Seniors Set To Bid Adieu in San Francisco

December 26, 2009 - 10:20 am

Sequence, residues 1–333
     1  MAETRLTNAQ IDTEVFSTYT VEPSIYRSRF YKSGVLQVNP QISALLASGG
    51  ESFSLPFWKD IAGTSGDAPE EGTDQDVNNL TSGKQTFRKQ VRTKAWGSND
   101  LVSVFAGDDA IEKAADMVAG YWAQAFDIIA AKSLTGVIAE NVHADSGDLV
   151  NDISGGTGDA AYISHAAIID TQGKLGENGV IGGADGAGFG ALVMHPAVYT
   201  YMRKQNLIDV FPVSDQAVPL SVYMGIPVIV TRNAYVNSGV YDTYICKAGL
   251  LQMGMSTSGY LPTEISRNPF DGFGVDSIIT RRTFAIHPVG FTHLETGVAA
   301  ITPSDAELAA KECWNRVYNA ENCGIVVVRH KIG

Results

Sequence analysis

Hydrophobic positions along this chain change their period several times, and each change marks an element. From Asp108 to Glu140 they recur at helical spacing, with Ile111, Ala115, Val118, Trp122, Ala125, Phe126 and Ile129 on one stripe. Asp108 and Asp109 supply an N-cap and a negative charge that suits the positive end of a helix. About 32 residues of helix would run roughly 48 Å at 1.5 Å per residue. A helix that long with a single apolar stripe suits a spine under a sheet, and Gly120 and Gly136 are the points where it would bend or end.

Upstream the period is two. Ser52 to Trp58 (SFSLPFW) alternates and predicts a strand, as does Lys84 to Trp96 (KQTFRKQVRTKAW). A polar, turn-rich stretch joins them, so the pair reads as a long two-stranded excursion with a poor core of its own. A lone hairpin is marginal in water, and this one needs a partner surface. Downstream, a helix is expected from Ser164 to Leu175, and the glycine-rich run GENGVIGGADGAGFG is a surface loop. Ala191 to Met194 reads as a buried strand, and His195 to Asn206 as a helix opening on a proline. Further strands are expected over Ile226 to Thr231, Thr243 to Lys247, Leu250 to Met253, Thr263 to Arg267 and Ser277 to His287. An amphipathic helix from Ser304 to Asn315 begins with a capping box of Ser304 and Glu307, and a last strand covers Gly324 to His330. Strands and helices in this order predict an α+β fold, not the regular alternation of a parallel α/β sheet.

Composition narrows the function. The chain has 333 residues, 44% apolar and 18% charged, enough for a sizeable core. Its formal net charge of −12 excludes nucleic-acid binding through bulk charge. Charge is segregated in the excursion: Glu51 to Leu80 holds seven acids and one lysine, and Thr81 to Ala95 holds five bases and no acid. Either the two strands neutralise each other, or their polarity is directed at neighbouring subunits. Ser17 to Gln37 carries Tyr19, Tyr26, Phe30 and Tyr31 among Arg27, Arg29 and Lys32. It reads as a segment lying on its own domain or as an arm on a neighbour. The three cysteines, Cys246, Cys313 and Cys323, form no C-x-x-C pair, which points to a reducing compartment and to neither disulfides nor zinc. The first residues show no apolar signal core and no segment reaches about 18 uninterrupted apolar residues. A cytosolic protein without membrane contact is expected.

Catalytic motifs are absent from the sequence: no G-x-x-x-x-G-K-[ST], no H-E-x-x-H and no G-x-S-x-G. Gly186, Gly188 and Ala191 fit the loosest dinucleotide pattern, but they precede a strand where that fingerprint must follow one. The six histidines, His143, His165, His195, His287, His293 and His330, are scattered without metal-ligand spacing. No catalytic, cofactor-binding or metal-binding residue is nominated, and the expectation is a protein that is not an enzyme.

The changing of the guard is nearly complete at Boston College. The Eagles football squad this year was led by a first year head coach, a freshman at quarterback and another rising star freshman at the linebacker position not to mention a pretty decent sophomore running back. Yet this team was not carried to a surprising 8-4 regular season record solely by the efforts of Frank Spaziani, Dave Shinskie, Luke Kuechly and Montel Harris. The backbone of this BC squad all year had been the stout leadership of the senior captains -- center Matt Tennant, middle linebacker Mike McLaughlin and wide receiver Rich Gunnell. These seniors are the last remaining players from the Tom O'Brien era and have played for three head coaches and a plethora of quarterbacks while overseeing one of the more prosperous, if turbulent, stretches of Eagle football history. They have been to two ACC Championship games and, as of this evening, five of the 11 straight bowls that BC has been to over the last decade. "I think it is a tribute to us, to the seniors, to the players," McLaughlin said last month. "It just goes to show you that anything, coaches, schemes, ideas, whatever, comes down to who puts on the helmets and shoulder pads every day and goes to work and really what that message is from those players. I think we have done a terrific job so far with two ACC Championship games." There will be no championship hardware coming back to Chestnut Hill this season but the Eagles do have a chance to bring back a bowl full of emeralds if they beat the University of South California Trojans tonight. BC is primed and ready to take on USC in the Emerald City Bowl at AT&T Park in San Francisco on ESPN at 8:00 p.m. EST. It is a bit of a surprise matchup created by the two teams doing what nobody expected them to be doing. For BC, that means winning eight games and fighting for the ACC Atlantic Division title until the last weeks of the season after being picked by the media to be the second worst team in the conference. On the other end, USC lost four games (including three out of its last four) and will be in its first non-BCS bowl game in the last seven years. "I would have said, 'man, you actually think we're going to be in the BCS?'" Spaziani told reporters who asked if he was surprised by the USC matchup. "But hey, it goes back to that prediction theory. You never know what happens when the season plays out. It obviously wasn't foremost in everyone's predictions, but nothing surprises me in college football." "I think it's good for our program. It's interesting, and I think it's good," Spaziani said. "Perfect timing. Whenever you play somebody like that, it gets everybody's attention." It will be an interesting game for the seniors, the icing on the cake to four or five years of work--work to become a good football team, work to earn their degrees and work to gain the respect of the college football world. It has not been easy on Tennant or McLaughlin but they come away from Boston College having learned a lot about themselves. Tennant said multiple times this year that he almost transferred after O'Brien left, citing homesickness and bad grades, but he came through it to be named a captain this season and lead an offensive line that has allowed Harris to break multiple school records for a sophomore running back. Tennant reflects on what it took to be an effective student athlete. "Just my time. I'€™ve got a lot on my plate. Waking up early and lifting and class afterwards, I have to study, practice. I want to have a little free time after that," Tennant said. "My freshman year my grades were bad and was not really doing that well. It is just understanding what you need to do and what is required of you here at BC." MacLaughlin echoed a similar sentiment of learning how to manage his tasks but also said the most important lesson was that hard work will almost always be rewarded. "I think the biggest thing I learned is that you can never work hard enough," McLaughlin said. "It is a bit of a cliché, I know. You really can'€™t, especially when you are a student athlete at a school like this, you are demanded of your best everyday. Just like the motto at the school 'Effort to Excel' that is no more true than being a football player. The amount of hours that I have put in this building [Alumni Stadium] the last five years has been incredible." The last remnants of an era will pass from BC present to BC history tonight as the last seconds tick down in San Francisco. For many of the seniors it will be the final time they will ever play organized football and for all of them the last time they strap on the maroon and gold uniforms to represent what, in the very near future, will be their alma mater.